These awards were given for the movies completed and screened in 1930/1931. The ceremony took place in the Biltmore Hotel in Los Angeles.
The Best picture award went to Cimarron, based on the Edna Ferber novel of the same name. Despite America being in the depths of the Depression, RKO immediately prepared for a big-budget picture, investing more than 1.5 million dollars into Ferber's novel. Director Wesley Ruggles would direct stars Richard Dix and Irene Dunne with a script written by Howard Estabrook. Filming began in the summer of 1930 at the Jasmin Quinn Ranch outside of Los Angeles. The film was a massive production: more than 5,000 extras, twenty-eight cameramen, and numerous camera assistants and photographers were used to capture scenes of wagons racing across grassy hills and prairie. Despite being a critical success, the high budget and ongoing Great Depression combined against the film. While it was a commercial success in line with other films of the day, RKO could not recoup their investment. Cimarron took high honorsin that year's Awards. Besides the best picture award (producer William LeBaron), it won the awards for Best Art Direction (set decorator Max Ree) and Best Adapted Screenplay (Howard Estabrook). The film was also nominated for Best Actor (Richard Dix), Best Actress (Irene Dunne), Best Cinematography (Edward Cronjager), and Best Director (Wesley Ruggles). A special award for make-up was given to Ern Westmore for his work on the film, as well.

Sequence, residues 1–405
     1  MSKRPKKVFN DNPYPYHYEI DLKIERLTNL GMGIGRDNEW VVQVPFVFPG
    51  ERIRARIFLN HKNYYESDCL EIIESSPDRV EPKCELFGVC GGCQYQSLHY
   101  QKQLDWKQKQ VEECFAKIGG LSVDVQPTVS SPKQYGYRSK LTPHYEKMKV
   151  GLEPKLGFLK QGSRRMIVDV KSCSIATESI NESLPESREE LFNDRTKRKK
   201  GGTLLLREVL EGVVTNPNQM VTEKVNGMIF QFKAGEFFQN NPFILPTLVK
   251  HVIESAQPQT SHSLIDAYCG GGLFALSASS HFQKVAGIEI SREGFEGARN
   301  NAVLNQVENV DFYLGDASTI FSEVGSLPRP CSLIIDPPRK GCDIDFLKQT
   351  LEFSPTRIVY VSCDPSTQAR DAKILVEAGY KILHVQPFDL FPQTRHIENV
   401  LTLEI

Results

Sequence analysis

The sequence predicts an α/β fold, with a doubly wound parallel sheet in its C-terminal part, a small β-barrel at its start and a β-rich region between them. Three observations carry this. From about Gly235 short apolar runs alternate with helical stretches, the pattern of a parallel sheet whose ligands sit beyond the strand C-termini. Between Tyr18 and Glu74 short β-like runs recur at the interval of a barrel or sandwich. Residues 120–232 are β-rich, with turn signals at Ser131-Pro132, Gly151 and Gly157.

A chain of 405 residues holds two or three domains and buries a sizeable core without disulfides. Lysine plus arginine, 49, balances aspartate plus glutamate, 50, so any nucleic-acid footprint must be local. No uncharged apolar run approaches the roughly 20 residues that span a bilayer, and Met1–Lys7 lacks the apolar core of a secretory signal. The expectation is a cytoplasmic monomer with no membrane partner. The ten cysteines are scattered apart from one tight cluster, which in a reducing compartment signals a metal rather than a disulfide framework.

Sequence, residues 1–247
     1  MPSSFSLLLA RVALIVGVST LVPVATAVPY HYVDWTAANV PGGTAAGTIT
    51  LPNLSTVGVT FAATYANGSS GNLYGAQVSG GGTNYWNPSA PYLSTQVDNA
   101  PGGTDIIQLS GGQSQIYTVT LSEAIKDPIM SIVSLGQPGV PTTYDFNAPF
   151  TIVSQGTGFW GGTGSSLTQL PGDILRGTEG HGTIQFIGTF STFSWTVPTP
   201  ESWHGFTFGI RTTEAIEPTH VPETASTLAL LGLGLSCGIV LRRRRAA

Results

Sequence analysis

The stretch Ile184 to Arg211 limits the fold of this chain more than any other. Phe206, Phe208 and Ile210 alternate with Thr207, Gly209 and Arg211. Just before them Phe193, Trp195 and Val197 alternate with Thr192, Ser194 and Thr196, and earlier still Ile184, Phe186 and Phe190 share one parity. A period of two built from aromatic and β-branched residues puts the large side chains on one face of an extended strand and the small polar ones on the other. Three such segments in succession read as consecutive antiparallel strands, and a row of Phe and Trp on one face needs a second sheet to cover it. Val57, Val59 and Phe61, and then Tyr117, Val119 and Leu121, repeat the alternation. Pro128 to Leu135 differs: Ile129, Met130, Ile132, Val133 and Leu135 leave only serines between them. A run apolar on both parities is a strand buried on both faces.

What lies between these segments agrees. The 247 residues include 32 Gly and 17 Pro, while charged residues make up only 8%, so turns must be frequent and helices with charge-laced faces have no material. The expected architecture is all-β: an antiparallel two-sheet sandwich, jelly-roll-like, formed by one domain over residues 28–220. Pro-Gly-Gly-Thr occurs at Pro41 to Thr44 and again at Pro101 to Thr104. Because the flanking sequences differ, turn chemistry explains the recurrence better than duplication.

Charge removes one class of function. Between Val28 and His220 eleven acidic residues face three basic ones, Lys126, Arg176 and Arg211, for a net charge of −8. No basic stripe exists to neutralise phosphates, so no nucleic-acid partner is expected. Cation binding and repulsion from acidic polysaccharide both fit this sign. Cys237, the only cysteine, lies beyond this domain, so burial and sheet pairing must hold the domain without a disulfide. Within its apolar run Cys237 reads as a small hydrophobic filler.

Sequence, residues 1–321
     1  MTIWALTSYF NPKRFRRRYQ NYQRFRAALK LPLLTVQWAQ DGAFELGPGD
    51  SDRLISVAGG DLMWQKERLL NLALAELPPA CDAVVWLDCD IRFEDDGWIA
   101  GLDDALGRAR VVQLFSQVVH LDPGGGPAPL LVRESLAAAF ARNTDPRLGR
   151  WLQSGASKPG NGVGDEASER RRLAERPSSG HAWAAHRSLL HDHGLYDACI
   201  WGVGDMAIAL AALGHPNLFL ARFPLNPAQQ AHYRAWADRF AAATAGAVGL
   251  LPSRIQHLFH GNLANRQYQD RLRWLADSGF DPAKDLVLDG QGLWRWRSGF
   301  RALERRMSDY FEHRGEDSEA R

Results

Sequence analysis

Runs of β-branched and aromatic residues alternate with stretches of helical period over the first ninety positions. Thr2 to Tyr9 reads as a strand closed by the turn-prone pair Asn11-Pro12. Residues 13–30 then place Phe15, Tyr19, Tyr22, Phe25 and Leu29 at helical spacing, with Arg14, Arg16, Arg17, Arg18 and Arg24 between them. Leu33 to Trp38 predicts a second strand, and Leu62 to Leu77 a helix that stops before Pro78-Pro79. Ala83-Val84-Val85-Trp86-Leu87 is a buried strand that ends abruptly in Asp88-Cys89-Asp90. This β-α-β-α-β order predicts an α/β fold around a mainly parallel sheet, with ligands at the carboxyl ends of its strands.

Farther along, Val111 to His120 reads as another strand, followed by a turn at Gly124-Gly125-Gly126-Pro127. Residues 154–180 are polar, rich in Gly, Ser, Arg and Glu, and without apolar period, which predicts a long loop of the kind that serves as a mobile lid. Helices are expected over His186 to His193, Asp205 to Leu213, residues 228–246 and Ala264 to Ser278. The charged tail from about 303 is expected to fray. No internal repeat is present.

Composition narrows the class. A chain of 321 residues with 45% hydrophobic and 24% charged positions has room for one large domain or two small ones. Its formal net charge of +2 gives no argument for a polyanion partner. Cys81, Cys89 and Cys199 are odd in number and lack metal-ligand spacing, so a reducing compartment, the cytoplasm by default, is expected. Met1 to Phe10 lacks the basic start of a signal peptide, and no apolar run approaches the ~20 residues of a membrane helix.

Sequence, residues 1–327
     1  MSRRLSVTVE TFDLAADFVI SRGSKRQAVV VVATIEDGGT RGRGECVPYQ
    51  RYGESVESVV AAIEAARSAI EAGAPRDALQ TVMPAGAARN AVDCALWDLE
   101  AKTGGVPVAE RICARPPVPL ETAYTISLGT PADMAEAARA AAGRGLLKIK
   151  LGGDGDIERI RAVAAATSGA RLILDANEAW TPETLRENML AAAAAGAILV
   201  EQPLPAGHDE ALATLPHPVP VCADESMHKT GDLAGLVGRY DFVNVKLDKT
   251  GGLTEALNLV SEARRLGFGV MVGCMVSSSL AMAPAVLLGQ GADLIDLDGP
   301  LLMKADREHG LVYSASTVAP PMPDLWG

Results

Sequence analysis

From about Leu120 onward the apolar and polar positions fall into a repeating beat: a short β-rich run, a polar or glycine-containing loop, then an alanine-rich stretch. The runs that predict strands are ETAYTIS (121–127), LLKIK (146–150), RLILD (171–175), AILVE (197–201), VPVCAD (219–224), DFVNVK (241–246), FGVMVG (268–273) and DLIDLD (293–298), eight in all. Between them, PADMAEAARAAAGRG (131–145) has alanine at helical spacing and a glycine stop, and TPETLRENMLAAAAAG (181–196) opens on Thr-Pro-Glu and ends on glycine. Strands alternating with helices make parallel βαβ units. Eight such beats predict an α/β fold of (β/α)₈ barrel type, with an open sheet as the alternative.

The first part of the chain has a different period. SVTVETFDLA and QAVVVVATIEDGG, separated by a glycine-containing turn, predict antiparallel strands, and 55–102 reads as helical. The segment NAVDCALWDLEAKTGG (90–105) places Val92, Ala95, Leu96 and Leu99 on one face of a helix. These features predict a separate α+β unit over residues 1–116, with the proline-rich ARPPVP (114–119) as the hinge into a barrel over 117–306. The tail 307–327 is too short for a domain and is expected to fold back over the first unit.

The Best actor award went though to Lionel Barrymore for his role in A Free Soul. A member of a family of actors Barrymore was the brother of Ethel and John Barrymore, the uncle of John Drew Barrymore, and the grand-uncle of Drew Barrymore. He was married to actresses Doris Rankin and Irene Fenwick. In 1907, after spending many years in Paris, he came back to Broadway, where he established his reputation as dramatic actor. In 1924, he left Broadway for Hollywood. In 1931, he won an Academy Award for his role of an alcoholic lawyer in A Free Soul (1931), after having been nominated in 1930 for Best Director for Madame X. Although he could play many types of characters he was stereotyped as grouchy, but usually sweet, elderly men in such films as The Mysterious Island (1929), Grand Hotel (1932, with John), Dinner at Eight (1933, the film also featured brother John, but they had no scenes together), Captains Courageous (1937), You Can't Take It with You (1938), Duel in the Sun (1946), and Key Largo (1948). Barrymore died on November 15, 1954 from a heart attack aged 76.